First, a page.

Will the 2008 Bear Be Back?
Many Americans have a lot of their financial eggs in one financial basket, the Stock Market Basket. Consider your own retirement account(s). If the market experienced an extended loss and entered into a market “correction”, how would you react?
Damage Control: Seasoned investors know the No. 1 Rule: Always cut your losses short. Establishing a loss threshold i.g.7-8% would enable a person to cut the losses and regroup. But for many, mastering the No.1 Rule is difficult to do. Cutting market losses sooner than later could prevent a devastating loss. If 50% market loss happened, it would take a 100% return to regain your lost principal. How many stocks do you think have made a100% gain in any one year? (Additionally, the interest that could have been earned on the lost principal is also lost.)
In February 2020, thanks to COVID-19, there was a powerful 34% loss in the market. Many thought it would bring about a prolonged Bear Market. It appeared much like a Black Swan event. How would you have reacted if the COVID-19 correction had developed into a real correction? Would you hold’em and ride it out or fold’em? For those that stayed, it would take over a 51% return to offset the principal loss of 34%. The market rebounded. The big question is how much loss would it take for you to fold’em?
Afraid to Look?
Psychologists say that most people feel the pain associated with a market loss more than the joy associated with a market gain. So, when a market loss occurs, they tend to hold on to the “losers” fearing that if they sell the losers, and the market comes back, they will have lost the chance to make their money back.
Why Not Take The STRESS Out?
This is not a trick question. Americans insure everything they consider of value against financial loss, but not their company sponsored retirement plans. Wouldn’t it make financial sense to insure a part of the very account(s) that you would depend on to maintain your retirement lifestyle for the next 25-30years?
I Hate Annuities
Why? For years, ads ran in many publications titled “I Hate Annuities and Why You Should Too. Annuities are not for everyone; but, it was obvious that the author of the article wanted to downplay all annuities to persuade individuals to invest in his company’s assets under management programs.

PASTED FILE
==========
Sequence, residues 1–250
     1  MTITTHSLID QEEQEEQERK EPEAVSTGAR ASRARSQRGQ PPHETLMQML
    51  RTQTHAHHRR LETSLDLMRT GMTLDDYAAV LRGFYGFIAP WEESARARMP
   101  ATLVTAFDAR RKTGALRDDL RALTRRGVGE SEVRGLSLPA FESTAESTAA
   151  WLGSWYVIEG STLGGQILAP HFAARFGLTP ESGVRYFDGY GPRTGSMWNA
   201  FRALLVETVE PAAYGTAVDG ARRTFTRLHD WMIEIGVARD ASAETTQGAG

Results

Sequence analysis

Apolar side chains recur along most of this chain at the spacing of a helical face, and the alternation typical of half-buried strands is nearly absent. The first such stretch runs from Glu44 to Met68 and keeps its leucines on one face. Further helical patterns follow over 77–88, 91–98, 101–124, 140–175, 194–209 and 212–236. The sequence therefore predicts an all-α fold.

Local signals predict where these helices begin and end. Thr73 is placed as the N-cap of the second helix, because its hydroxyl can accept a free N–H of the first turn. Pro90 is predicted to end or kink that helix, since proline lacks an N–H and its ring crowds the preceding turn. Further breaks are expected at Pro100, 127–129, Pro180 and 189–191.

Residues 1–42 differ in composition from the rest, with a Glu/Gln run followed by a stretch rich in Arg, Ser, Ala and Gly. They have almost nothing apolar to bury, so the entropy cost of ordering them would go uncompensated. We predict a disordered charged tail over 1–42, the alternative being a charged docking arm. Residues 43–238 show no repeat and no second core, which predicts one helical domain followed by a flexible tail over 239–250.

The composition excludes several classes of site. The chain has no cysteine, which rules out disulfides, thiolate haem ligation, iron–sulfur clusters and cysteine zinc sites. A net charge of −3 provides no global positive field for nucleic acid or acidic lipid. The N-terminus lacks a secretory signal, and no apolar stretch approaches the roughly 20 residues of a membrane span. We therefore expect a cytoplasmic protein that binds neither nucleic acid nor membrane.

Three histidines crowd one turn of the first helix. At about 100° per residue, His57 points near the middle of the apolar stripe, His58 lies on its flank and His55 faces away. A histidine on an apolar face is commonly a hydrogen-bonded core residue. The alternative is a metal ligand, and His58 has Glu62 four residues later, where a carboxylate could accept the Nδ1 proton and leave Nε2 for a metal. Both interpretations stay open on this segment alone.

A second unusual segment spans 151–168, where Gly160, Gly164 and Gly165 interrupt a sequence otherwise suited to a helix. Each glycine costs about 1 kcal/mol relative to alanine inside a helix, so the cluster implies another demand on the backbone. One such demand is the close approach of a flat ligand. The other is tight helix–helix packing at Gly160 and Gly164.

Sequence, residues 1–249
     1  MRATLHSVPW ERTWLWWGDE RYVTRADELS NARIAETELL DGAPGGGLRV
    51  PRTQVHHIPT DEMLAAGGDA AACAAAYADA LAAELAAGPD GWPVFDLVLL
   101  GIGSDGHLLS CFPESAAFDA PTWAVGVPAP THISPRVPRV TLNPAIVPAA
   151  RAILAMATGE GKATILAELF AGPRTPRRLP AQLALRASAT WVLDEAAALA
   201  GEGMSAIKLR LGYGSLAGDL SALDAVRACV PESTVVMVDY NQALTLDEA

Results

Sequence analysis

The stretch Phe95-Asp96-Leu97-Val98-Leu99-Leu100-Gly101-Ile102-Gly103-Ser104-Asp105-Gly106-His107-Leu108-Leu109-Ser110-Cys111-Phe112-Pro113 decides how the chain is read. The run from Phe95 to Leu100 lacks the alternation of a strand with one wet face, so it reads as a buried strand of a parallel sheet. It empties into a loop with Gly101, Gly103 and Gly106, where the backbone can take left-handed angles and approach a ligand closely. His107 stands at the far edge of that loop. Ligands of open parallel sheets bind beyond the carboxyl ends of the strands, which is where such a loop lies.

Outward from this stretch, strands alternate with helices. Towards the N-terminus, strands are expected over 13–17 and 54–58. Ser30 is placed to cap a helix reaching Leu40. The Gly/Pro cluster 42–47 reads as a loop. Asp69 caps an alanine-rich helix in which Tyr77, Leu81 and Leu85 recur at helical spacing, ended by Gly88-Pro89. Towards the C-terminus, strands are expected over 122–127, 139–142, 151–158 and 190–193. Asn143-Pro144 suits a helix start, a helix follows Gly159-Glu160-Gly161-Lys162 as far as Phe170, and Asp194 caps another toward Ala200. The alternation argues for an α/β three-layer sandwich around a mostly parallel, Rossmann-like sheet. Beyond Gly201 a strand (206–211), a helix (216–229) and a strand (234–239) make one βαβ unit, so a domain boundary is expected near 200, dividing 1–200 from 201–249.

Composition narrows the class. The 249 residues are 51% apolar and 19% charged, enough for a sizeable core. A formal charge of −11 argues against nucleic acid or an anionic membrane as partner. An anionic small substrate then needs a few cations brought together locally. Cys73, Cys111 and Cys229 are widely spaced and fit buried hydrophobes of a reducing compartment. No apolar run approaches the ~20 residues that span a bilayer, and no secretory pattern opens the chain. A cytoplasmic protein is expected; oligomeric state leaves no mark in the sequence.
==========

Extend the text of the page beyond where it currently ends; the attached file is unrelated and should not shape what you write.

Another reason that people trashed the idea or concept of annuities is due to what I would call “Dad’s pension”. When Dad got ready to retire after many years on-the-job, he was offered a pension that had different payout options. The highest payout option was the single-life option. Often this was the option of choice. While it had the biggest lifetime payout option, it also carried a future problem. When Dad, the pensioner, died, the annuity payments stopped and the remaining balance was kept by the company. Mom was left out. This fact
Annuities are the only financial product that can contractually guarantee an income stream you can never outlive. The word annuity derives its name from the Latin “annuas” or payments. Originally, they were a gift to Roman soldiers and their families. A single premium immediate annuity of today would resemble the original Roman annuity.
Annuities and Social Security?
Annuities are a life insurance product and are the only financial product that can contractually solve for the longevity risk of outliving your money by providing an income stream you can never outlive. Social Security also provides a lifetime income stream you can never outlive. So it would be logical to say that Social Security income payments are for all practical purposes an annuity.
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Annuities are not for everyone. Find out more about annuities. Get the free informational Annuity Guide, and learn more about the pros and cons of various annuities. Discover why the right annuity, together with Social Security, and a pension, why people want to insure their retirement and not run out of money!
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